Fall 2021 Update
The start of this academic year marked a historic moment for UCLA, as twice as many students as usual began their relationships with our campus and many Bruins returned after 18 months away. Spending the afternoon on the first day of classes greeting students out on Bruin Plaza was, for me, a powerful reminder of the strength of our community and the power of togetherness — especially after so many months of isolation.
While we continue to navigate the twists and turns of the ever-changing pandemic landscape, I am deeply optimistic about the year ahead. Our campus vaccination rates continue to climb, and we have effective protocols in place to protect student, staff and faculty health and well-being.
We also have much to celebrate, including two new residence halls, the launch of our Black Bruin Resource Center and our latest record-breaking research awards.
In this issue
Grand Opening of Centennial and Olympic Halls
For UCLA students to take advantage of everything the university has to offer, they must have access to high-quality, affordable housing on or near campus. This principle underlies our aim to offer four years of campus-owned housing to any first-year student who wants it, and two years of housing to any transfer student who wants it — a goal we are closer than ever to reaching thanks to the recent opening of Centennial Hall and Olympic Hall.
The two nine-story buildings, which we inaugurated on September 19, add 1,800 new beds for UCLA undergraduates. Located on the western slope of the Hill in the northwest corner of campus, the halls were designed to be an extension of the verdant area around them. The interiors of the halls follow a nature theme, and the names of floors — Understory, Canopy, Emergent — reference parts of a forest.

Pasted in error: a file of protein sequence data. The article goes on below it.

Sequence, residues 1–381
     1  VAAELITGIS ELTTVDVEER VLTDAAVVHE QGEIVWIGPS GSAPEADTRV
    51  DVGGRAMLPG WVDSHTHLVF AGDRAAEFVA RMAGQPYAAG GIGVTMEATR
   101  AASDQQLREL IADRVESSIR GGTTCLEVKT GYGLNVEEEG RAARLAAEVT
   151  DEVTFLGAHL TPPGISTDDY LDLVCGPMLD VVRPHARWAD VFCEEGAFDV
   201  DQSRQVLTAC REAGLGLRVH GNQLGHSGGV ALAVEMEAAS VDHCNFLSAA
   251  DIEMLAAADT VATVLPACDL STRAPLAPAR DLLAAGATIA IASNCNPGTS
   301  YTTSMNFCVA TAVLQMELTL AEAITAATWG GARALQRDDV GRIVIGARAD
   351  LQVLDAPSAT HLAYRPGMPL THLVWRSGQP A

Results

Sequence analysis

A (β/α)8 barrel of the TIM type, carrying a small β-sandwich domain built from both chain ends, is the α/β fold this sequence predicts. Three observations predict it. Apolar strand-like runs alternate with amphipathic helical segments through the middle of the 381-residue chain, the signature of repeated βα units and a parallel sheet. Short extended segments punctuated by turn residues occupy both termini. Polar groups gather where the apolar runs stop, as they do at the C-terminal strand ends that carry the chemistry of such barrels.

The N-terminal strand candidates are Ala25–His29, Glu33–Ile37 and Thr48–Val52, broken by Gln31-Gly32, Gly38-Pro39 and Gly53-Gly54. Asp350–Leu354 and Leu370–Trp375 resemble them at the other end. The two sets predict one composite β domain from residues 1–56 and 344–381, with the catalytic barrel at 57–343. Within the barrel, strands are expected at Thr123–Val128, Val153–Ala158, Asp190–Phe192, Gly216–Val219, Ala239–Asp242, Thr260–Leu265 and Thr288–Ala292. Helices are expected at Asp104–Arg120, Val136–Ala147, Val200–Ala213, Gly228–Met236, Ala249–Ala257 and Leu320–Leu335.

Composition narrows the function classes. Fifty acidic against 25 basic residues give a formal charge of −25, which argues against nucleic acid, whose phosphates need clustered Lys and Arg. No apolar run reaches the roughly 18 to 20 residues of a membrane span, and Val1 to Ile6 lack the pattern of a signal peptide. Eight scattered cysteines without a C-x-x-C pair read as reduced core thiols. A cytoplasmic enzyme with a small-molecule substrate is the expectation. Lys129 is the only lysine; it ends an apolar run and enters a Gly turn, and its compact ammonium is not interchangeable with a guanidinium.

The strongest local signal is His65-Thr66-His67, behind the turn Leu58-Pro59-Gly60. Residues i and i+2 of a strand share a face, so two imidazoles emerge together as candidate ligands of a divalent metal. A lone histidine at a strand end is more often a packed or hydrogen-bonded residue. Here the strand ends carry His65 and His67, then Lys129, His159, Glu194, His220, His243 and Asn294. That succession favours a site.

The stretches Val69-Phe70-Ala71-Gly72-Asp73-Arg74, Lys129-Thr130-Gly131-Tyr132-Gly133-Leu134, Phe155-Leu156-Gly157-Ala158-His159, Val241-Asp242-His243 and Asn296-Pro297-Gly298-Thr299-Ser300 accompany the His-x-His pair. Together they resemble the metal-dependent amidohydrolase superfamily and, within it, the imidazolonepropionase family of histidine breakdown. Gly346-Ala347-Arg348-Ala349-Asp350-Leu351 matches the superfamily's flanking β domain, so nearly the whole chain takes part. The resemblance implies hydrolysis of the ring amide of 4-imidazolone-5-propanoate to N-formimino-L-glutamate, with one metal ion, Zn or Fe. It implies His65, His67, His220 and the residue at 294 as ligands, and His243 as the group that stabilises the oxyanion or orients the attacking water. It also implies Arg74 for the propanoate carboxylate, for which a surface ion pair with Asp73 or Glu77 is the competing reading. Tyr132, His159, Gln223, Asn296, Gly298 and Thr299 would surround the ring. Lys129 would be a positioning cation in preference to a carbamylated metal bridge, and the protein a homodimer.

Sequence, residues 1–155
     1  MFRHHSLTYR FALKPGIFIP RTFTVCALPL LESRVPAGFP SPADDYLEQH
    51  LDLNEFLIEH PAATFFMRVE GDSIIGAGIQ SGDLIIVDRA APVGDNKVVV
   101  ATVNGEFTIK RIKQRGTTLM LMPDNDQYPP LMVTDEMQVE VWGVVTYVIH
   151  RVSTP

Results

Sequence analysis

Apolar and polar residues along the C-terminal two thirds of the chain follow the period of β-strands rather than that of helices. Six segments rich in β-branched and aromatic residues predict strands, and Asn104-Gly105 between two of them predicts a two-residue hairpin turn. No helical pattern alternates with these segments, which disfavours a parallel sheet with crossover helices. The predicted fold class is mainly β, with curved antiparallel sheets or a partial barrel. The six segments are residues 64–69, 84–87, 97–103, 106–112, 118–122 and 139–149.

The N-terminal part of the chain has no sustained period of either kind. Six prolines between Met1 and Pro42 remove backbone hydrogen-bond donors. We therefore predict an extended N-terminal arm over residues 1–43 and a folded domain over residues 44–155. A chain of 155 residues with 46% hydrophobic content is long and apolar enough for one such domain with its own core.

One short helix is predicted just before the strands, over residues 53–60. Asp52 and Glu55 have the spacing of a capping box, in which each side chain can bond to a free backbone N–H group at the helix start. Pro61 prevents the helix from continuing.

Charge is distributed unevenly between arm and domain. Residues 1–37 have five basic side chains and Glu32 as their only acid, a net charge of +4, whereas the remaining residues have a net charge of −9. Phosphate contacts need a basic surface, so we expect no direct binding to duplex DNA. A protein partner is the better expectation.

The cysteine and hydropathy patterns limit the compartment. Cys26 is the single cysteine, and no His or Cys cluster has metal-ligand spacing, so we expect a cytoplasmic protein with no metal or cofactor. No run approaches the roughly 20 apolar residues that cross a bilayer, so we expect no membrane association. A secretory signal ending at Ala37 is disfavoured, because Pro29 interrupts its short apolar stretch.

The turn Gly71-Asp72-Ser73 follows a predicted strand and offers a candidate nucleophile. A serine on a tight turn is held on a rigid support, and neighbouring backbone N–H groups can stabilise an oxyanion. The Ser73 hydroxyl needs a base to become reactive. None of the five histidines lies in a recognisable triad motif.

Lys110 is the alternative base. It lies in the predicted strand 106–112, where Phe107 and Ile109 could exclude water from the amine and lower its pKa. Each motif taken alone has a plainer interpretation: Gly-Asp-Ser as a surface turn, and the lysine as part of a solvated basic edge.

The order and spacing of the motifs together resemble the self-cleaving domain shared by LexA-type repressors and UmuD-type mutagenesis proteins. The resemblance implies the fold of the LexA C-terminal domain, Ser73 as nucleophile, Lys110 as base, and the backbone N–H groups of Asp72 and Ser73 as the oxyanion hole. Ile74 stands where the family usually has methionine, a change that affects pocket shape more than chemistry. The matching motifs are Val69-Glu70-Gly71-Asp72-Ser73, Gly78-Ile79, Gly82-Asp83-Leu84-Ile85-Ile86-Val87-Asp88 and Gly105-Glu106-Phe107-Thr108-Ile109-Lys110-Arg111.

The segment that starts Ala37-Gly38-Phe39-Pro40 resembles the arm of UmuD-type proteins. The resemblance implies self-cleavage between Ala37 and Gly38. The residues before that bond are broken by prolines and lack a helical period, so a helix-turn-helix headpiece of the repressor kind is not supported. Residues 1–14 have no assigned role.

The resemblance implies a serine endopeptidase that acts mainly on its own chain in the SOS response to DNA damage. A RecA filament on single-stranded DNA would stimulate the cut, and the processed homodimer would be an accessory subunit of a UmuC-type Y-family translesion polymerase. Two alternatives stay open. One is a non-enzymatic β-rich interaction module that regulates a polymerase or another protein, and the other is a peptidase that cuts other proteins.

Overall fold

One of the most exciting elements of these new residence halls, to me, is the incorporation of an accessible, free-to-use “maker space” into Olympic Hall. Maker spaces are collaborative, hands-on labs where students can deepen their skills in design, engineering and construction. Full of state-of-the-art equipment like laser cutters, 3D printers and fabrication tools, maker spaces like the one in Olympic Hall are breeding grounds for inventors and entrepreneurs. They’re also fantastic places simply for playful tinkering, allowing students to explore their creativity and self-expression.
The two new residence halls’ names are a nod to UCLA’s past and its future. Olympic Hall references the campus’s role in the 1984 Olympics and looks ahead to the 2028 Olympics — in which UCLA will host the Olympic and Paralympic Village. Centennial Hall, for its part, broke ground in 2019, the year marking the 100th anniversary of UCLA’s founding.
Even just 35 years ago, UCLA was largely a commuter school, with only 12 percent of students living on campus and only 32 percent living within a mile of it. Today, with nearly half of our students in campus housing and many more in greater Westwood, UCLA is a thriving residential community in which students of all backgrounds, interests and academic pursuits live and intermingle. With additional construction in the works, we anticipate being able to offer UCLA housing to every student who desires it as soon as fall of 2022; I can’t wait to share our amazing and dynamic living environment with even more Bruins.
Photo by Idriss Njike
Welcoming the Black Bruin Resource Center
After years of advocacy by student leaders and hard work from Student Affairs staff — and following a virtual launch in spring of 2020 — UCLA celebrated the grand opening of the Black Bruin Resource Center (BBRC) in its new space in Kerckhoff Hall on September 27.
The 1,500 square-foot center has spaces for meetings and community programs, studying and socializing. Programming will largely focus on the needs of undergraduate, graduate and professional students, but the center will also be a vital hub for staff, faculty, alumni and community members seeking to understand and celebrate the Black and African diaspora in all its diversity.